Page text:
4 Conflicting Phases Of Loneliness Every Expat Inevitably Goes Through

Gabi E. Mulder
Gabi E. Mulder

Two and a half years ago, I moved to Europe. Zipped that large suitcase and kissed my mom and pop goodbye, ready to blink my 23-year-old eyes at new scenes, new cultures, new times. Coming from small-town Indiana, that word “loneliness” hadn’t revved full-force in my lexicon. Not yet. But boy, was I in for something, as is every single expat in the world.

1. Please, Prepare For Landing

The plane landed in Paris on January 2. What had been my blizzard Chicago was obliterated with 50-degree temperatures, drizzle, and foreign landscapes. In this way, even my skin didn’t recognize what I’d gotten myself into. You think taking your brain from one scene to another will flip the switch immediately, but sadly, it won’t. You’re displaced. The air is different. Your breath is unrecognizable. The body you’ve carried with you for decades must find solace in new foods, new temperatures, new streets and conversations. Somehow, you didn’t think about it before.

You’re left to get used to it, this new nature of inhale, exhale. It tastes different. It’s not your own oxygen. Not yet. And that’s terrifying.

2. Forget Everything: Your Name, Your Accomplishments, Your Life

When I began babysitting in Paris, my name devolved to nothing. “Alli-sah” was the best they’d twirl with their young French tongues, and so I went with it, sure not to tell them that I’d graduated college; that I’d loved and lost; that my parents had high hopes for me. And when I began at the start-up in Berlin, I was just that: a nobody. A little bit of nothing. Another ex-pat, trying to play the game.

This wasn’t anything I could explain to friends at home, who’d started their careers, their marriages, parenthood. They were so much of something, and I was, quite literally, at the bottom of the pile.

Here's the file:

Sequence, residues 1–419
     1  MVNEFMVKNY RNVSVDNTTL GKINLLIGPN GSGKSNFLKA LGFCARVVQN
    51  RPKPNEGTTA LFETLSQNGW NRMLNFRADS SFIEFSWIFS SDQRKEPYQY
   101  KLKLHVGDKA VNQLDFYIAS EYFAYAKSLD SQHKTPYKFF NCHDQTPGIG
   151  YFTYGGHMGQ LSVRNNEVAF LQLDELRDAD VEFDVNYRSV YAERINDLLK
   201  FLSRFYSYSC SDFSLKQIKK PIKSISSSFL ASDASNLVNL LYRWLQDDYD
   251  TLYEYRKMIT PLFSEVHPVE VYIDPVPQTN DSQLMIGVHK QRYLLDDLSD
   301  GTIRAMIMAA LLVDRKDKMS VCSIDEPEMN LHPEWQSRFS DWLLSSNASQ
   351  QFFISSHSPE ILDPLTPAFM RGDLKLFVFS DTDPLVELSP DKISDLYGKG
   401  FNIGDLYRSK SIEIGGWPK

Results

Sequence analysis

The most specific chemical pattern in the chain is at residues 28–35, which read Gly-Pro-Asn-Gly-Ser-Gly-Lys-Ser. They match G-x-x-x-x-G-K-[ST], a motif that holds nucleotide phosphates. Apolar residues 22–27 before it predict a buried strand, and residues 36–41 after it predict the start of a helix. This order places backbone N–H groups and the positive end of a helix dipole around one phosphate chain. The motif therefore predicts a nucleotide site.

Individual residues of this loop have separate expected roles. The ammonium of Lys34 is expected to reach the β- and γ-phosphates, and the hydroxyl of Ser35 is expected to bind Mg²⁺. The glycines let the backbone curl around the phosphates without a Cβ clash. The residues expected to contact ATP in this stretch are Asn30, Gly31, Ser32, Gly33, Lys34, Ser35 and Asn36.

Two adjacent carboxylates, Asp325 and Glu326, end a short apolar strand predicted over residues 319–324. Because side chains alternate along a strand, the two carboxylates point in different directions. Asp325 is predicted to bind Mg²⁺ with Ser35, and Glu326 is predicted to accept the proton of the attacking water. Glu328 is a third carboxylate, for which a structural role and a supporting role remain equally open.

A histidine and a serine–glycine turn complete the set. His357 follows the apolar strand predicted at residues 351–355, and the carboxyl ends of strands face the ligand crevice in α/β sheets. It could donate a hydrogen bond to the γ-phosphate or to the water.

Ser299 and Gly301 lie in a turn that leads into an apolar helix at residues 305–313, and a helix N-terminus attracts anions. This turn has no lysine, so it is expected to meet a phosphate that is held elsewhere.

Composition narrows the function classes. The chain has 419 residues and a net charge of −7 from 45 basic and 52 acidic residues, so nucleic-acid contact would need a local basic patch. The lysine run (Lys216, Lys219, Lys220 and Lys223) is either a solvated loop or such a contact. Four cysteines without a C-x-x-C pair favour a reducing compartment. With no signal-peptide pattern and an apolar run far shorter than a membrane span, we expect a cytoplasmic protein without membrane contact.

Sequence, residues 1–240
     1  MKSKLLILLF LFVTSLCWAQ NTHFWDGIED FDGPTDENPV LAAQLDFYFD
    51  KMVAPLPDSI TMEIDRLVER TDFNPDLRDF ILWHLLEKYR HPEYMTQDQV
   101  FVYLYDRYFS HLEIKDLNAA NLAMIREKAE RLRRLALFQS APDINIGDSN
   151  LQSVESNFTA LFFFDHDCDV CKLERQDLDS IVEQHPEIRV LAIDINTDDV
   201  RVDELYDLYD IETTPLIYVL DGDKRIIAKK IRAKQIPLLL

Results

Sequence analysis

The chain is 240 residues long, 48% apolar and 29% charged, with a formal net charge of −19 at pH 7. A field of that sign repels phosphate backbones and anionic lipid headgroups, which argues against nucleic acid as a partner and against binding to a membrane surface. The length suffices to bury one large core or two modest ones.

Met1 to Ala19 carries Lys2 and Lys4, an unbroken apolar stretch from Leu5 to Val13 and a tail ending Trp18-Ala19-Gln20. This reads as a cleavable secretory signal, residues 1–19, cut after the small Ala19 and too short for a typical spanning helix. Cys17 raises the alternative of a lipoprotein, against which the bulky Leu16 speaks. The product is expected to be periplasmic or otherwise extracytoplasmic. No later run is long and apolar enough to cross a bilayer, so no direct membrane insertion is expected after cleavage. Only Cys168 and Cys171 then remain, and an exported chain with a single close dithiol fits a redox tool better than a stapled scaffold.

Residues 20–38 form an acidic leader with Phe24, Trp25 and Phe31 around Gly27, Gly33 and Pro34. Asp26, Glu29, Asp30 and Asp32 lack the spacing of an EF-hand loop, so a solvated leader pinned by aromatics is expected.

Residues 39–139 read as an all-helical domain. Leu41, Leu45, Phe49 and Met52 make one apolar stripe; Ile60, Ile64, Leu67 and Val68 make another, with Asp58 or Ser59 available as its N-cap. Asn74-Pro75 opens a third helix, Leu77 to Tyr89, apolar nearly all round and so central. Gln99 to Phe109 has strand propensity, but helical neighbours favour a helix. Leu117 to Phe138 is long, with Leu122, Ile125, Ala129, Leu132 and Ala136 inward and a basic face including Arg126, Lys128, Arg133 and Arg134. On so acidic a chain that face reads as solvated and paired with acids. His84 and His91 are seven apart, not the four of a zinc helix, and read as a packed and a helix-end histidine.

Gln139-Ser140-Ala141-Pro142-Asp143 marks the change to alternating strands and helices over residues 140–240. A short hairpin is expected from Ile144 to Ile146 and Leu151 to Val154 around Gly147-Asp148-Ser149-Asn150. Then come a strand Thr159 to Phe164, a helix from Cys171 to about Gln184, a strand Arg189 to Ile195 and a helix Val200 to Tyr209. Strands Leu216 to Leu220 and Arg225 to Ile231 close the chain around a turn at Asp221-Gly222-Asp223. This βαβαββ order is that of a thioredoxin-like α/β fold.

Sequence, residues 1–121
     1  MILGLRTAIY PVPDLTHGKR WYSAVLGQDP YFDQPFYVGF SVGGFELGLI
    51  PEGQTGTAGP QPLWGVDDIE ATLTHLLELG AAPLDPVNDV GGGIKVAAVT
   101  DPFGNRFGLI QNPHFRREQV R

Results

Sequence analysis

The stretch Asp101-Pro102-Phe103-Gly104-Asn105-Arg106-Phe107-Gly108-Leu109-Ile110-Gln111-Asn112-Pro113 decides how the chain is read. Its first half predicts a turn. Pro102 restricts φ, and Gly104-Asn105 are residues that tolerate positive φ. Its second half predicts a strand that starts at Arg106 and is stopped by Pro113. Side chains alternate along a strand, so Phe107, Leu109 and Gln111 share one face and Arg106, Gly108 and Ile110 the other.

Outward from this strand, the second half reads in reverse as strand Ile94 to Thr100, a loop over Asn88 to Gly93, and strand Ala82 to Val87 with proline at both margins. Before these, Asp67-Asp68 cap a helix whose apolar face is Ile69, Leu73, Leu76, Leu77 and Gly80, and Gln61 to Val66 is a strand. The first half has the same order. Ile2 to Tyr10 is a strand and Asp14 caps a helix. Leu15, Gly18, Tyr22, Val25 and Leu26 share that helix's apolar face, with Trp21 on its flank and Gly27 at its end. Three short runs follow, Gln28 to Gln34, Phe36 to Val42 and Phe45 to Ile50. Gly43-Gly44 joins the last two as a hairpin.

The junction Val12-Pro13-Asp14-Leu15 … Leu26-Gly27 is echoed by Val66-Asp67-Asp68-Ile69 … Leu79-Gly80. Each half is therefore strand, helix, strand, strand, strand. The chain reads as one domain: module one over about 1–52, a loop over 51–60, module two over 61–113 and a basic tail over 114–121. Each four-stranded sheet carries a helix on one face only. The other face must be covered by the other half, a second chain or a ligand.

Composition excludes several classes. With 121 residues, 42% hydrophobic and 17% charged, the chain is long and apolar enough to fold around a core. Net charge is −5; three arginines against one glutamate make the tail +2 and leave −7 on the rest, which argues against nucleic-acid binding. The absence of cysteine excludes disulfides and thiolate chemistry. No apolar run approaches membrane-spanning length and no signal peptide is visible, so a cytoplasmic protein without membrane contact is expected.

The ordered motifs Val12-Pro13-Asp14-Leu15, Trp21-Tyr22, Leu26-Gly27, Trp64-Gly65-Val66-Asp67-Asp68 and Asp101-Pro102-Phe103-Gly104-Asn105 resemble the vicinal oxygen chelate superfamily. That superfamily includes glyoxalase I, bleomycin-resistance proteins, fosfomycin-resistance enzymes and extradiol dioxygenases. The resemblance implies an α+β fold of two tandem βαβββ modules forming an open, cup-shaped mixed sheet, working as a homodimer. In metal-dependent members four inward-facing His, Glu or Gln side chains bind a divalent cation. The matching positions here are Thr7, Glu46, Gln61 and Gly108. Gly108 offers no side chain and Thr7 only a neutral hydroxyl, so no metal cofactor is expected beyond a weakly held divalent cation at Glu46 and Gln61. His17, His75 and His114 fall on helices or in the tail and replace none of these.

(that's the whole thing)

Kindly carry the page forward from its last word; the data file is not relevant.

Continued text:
3. The Attempt At Love

Any expat can attest that relationships stagger and die with the occurrence of cultural differences. Flirting in that “American” way (or even that “Indiana” way) doesn’t translate so well to those Berliners. You find yourself sharing intimate moments, only to realize that Berliners are none-too-keen on growing up. 30-somethings are akin to teenagers. And your 25-year-old self is, unfortunately, still living that Indiana mentality.

Remember what I said about displacing your brain, but retaining old thoughts? You won’t realize it till it’s too late. And the loneliness will continue to gnaw.

4. The Realization That Your Old World Is Leaving You Behind

This month, I’ll miss two weddings. Two women I respect and love dearly, who followed a path I once understood, are marrying men they love. My best friends are bouncing and burping babies, and I hardly know their names. I do know, however, the best places to binge-drink in Berlin, and I took countless drugs in Barcelona last month, but I wasn’t there for my mom’s near-serious diagnosis. Which world is my own, now? Could this person I’ve cultivated still exist with the old ways?

These are the questions and the conflicts of an expat. Even in the wake of the great Trump-terror, what are we meant to do? Stay the course of conflicting loneliness, or return to what bored us before?

Because, if you’re anything like me, returning is, so often, like leaving the party before dawn. None of the good stuff’s happened yet. TC mark

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